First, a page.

Tubing down the river is indeed a lot of fun. Nowadays the riverside upstream from town has developed into a virtual amusement park replete with homemade water slides and trapeze which plummet you into the swirling current. I didn’t surface for fully ten seconds from one swing, held down by the rainy season induced turbulence. It is entirely possible to be unable to hold on and to drop on some tuber below. Young children man the 10m launch towers to spy for oncoming traffic. Deaths are not rare. These are the kinds of freedoms that make Laos special. While I was relaxing at one bar where my friend from Bangkok was working, some stupid stole my tube. I had to complete the lower three kilometers using my dry-bag as a headrest, legs scraping on submerged rocks. It was a little scary as there are no signs of civilization for most of that section and the waters were a bit rough. Inevitably, I was taken on by a small convoy of tubers who were concerned for me. It seems that about two-thirds of participants pull over at Bars #1 and 2, 500m from the start, where they get totally hammered. Oblivious to time and logistics, they slough back into the water just before dusk and by the time they see the lights of town emerge from the chilly darkness an hour later, they are in a state of high panic. Each evening, from my lodgings near the exit point, I heard anguished cries of “Swim!! Swim!! Over here!!” and such.

Having had enough of that, I took another spectacular, six-hour bus trip to Luang Prabang, the cultural center of Laos and one place where tourist money has had a big impact. The many temples there exceed the beauty of their Thai cousins, in my opinion, and there are great chill-out waterfront cafes and a fine nightly crafts market. A common sight is the golden, five-headed naga, a fearful water-snake that has been employed since antiquity as a temple guardian. Excellent, cheap massage is popular in Luang Prabang, including tribal Khmu style which approaches perfection in the hands of an experienced, female practitioner and one at the Red Cross using some chilli-based balm of such potency that I thought my skin was peeling off and was about to call for emergency help. Luang Prabang is one of the few places in Laos where such help might be readily available, but even there, when twice I tried to give blood at the Red Cross donor office, there were no staff available to take it. I had one last pizza and prepared to head to the boonies.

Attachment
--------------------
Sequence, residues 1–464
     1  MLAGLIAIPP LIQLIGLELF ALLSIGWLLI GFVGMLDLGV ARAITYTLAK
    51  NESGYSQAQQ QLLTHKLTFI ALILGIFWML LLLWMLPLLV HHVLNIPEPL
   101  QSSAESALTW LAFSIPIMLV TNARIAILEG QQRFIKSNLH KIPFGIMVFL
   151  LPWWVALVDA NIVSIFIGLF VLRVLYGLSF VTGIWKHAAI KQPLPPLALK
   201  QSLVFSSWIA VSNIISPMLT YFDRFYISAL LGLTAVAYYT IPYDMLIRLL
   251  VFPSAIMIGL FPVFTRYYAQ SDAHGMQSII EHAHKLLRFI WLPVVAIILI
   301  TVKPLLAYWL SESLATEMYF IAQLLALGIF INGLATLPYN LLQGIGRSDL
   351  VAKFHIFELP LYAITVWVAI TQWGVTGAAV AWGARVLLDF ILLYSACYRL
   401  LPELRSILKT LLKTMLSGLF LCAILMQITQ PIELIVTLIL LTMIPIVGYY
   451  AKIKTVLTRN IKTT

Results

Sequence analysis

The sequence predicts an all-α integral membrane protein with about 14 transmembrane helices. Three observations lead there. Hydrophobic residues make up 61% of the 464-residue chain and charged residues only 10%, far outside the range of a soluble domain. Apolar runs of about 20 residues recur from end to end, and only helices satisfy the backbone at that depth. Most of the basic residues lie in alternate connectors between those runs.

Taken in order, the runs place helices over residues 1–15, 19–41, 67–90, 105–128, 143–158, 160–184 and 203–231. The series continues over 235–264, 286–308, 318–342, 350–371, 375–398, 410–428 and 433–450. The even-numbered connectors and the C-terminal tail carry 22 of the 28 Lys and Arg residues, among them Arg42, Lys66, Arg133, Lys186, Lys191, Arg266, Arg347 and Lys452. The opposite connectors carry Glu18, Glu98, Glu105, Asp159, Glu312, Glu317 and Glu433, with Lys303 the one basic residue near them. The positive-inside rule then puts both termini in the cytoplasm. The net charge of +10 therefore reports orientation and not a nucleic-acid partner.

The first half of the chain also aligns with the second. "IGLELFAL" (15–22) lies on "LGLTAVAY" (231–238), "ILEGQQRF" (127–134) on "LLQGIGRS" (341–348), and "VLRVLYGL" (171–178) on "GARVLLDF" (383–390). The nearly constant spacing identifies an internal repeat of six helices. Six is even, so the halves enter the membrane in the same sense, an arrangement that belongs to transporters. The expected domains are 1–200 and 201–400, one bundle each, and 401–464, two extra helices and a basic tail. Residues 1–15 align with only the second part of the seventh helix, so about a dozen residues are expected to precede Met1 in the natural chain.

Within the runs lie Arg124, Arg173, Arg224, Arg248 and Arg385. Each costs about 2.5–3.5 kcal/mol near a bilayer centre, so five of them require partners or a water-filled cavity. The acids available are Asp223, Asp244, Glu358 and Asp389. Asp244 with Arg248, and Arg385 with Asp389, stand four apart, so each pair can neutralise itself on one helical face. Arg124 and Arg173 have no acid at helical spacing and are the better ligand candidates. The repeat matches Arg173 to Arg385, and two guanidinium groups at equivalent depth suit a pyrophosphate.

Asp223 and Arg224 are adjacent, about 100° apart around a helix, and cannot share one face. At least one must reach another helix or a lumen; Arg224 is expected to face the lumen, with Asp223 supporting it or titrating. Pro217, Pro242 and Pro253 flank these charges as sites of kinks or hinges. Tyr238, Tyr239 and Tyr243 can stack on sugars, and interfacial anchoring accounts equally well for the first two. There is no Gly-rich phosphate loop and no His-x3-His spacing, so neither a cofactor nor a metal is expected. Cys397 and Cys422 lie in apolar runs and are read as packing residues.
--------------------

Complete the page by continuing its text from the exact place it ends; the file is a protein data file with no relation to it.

The last bus leg of my northward journey was to Nong Khiaw, from where longboats would take me up the Ou River (Nam Ou) to Phongsali, my base for trekking. The trip was straight forward enough except when we passed the bus travelling in the opposite direction. It was upside-down in a ditch. The driver and passengers were all just standing around looking perplexed. Apparently nobody was seriously hurt and, it was claimed, such a thing had never happened before. Who knows? The driving was of the usual south-east Asian “why brake when you can honk” variety. At Nong Khiaw the river was lined with the precipitous, forested cliffs that would define much of the remaining journey north and I relaxed on my rustic balcony enjoying the peaceful views.